Michelle Pfeiffer in an adaptation of Colette’s Chéri (Photo courtesy of Miramax)

There was a brief spell in the late 1980s when Michelle Pfeiffer had me completely enamored. Granted, our romance lasted only two films, Married to the Mob and The Fabulous Baker Boys, but that is longer than some romances last, whether onscreen or in life.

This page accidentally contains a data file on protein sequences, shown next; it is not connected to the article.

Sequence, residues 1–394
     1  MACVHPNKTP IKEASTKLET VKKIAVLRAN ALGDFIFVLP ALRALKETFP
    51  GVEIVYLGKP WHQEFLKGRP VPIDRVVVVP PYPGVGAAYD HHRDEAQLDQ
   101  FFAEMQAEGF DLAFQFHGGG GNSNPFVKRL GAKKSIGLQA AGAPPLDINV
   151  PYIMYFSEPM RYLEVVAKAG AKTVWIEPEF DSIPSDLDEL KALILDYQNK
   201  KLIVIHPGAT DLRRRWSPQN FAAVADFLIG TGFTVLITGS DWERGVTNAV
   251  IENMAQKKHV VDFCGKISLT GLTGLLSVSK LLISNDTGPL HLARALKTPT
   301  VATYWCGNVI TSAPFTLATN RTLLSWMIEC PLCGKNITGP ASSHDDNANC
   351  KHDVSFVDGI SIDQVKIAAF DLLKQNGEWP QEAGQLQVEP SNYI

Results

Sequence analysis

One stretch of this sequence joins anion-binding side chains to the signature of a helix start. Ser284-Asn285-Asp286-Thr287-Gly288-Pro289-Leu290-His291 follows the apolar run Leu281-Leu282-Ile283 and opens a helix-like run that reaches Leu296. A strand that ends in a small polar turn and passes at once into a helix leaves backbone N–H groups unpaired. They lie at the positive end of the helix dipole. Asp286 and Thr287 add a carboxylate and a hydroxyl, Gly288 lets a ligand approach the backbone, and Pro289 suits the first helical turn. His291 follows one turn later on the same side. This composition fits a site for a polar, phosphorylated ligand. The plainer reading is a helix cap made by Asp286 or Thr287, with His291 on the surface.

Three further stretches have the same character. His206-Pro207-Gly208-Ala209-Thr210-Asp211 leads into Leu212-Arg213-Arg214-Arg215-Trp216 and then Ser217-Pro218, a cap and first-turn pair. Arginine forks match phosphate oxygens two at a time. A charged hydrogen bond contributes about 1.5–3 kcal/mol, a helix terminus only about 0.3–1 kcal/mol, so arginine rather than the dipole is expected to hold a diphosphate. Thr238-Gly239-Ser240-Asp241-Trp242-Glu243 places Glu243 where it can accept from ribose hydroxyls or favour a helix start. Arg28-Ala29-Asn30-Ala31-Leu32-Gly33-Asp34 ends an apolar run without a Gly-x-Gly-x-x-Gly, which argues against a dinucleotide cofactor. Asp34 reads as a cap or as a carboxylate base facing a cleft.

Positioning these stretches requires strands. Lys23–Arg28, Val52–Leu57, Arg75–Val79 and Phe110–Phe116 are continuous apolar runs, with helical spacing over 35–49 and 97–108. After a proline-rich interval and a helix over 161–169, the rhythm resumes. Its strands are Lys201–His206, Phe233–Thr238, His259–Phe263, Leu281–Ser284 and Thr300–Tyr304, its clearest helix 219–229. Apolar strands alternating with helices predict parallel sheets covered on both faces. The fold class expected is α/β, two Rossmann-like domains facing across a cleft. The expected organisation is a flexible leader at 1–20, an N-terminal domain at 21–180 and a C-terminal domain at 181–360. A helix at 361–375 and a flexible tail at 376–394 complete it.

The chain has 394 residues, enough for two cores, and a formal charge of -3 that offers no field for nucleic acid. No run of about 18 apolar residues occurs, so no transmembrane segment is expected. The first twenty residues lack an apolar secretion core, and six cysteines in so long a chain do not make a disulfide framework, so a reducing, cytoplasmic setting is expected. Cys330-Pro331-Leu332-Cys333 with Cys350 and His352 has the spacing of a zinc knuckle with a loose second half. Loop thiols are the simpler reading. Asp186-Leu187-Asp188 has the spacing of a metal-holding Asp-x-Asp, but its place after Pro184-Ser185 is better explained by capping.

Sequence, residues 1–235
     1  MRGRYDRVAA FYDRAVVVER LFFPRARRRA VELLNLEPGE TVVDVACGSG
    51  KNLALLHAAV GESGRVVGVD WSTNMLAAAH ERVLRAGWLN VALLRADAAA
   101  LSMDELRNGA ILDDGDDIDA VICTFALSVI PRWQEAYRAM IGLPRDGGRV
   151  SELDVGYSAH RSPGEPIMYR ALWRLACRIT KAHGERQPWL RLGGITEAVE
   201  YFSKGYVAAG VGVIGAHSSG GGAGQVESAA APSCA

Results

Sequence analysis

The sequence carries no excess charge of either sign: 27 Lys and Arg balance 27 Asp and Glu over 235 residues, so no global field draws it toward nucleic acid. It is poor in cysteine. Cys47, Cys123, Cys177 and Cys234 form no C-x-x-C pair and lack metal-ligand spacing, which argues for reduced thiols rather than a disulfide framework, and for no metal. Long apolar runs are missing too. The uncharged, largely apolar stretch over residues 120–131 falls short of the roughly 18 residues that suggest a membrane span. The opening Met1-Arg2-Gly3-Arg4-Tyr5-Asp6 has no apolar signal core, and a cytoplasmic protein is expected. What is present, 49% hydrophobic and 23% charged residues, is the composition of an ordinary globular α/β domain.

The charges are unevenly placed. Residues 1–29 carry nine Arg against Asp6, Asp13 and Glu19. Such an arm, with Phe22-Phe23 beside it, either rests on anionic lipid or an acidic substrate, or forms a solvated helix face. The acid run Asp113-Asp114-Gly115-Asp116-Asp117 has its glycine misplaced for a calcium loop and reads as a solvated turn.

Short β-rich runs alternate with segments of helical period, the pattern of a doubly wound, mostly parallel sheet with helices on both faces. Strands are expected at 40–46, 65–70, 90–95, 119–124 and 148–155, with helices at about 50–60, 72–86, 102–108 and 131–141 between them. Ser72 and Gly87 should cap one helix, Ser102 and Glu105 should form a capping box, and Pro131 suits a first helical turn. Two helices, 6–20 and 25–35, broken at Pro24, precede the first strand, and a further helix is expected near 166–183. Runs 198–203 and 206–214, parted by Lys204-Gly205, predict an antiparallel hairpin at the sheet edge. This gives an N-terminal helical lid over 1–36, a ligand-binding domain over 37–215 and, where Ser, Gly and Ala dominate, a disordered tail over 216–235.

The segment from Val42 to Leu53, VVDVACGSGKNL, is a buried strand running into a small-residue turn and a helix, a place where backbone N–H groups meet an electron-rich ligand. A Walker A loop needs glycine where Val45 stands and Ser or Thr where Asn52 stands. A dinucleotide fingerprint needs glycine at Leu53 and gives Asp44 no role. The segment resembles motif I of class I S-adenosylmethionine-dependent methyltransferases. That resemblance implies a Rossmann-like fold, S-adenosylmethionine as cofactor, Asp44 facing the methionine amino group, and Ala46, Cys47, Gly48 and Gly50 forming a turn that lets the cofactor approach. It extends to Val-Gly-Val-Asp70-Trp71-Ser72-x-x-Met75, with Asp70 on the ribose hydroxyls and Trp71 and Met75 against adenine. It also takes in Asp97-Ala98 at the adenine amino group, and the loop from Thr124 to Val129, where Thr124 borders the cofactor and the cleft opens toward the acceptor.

I haven’t seen either movie for well over ten years; I’ve no idea if I would recognize in them now what spoke to me so clearly then, but in the summer of ’88, seeing Married to the Mob, what would prove to be Jonathan Demme’s last film of pure delight before he turned falsely serious, became almost a weekly ritual, with me slipping into matinees six or seven times. In retrospect, it may have been the animus between Mercedes Ruehl and Dean Stockwell that kept me coming back for more, and most of what gave Mob its kick—its subliminal weirdness, such as the Chris Isaak robbery sequence—had nothing to do with Pfeiffer. Nonetheless, the actress stopped being merely pretty when she worked with Demme and later with Steve Kloves in his valentine to jazz obscurity: she became interesting, too, and . . .

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